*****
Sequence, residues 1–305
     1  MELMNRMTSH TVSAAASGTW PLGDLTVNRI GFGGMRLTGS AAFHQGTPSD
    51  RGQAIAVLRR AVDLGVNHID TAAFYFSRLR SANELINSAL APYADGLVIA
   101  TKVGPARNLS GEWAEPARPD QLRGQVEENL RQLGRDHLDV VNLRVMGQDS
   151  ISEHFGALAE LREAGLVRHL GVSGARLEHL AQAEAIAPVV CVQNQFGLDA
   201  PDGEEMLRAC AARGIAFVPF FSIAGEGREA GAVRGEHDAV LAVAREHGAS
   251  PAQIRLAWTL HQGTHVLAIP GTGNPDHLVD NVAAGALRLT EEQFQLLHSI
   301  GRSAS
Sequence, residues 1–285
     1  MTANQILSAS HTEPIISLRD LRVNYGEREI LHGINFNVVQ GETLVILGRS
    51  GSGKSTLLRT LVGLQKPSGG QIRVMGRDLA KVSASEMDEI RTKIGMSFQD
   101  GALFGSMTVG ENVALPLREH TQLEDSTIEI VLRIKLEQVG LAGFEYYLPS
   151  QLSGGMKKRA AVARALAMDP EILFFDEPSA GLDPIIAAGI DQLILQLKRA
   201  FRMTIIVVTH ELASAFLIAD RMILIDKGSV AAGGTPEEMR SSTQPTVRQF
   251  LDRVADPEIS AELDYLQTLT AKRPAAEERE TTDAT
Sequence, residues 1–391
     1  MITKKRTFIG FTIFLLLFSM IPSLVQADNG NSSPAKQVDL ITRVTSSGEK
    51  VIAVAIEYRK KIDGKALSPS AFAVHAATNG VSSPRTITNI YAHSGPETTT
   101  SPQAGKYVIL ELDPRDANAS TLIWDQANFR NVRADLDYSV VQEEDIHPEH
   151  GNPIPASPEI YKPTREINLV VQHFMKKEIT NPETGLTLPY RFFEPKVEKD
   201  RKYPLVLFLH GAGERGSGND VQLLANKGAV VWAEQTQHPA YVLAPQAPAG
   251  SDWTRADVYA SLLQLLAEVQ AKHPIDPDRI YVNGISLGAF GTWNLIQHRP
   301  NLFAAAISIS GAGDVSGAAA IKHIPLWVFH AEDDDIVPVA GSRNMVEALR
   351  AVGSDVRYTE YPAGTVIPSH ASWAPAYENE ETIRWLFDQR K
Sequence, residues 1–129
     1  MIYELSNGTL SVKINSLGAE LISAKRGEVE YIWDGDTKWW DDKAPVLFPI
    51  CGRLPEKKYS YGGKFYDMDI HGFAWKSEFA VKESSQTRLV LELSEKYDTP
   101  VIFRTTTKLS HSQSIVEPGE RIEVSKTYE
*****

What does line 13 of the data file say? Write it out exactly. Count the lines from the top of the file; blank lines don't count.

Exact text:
   151  QLSGGMKKRA AVARALAMDP EILFFDEPSA GLDPIIAAGI DQLILQLKRA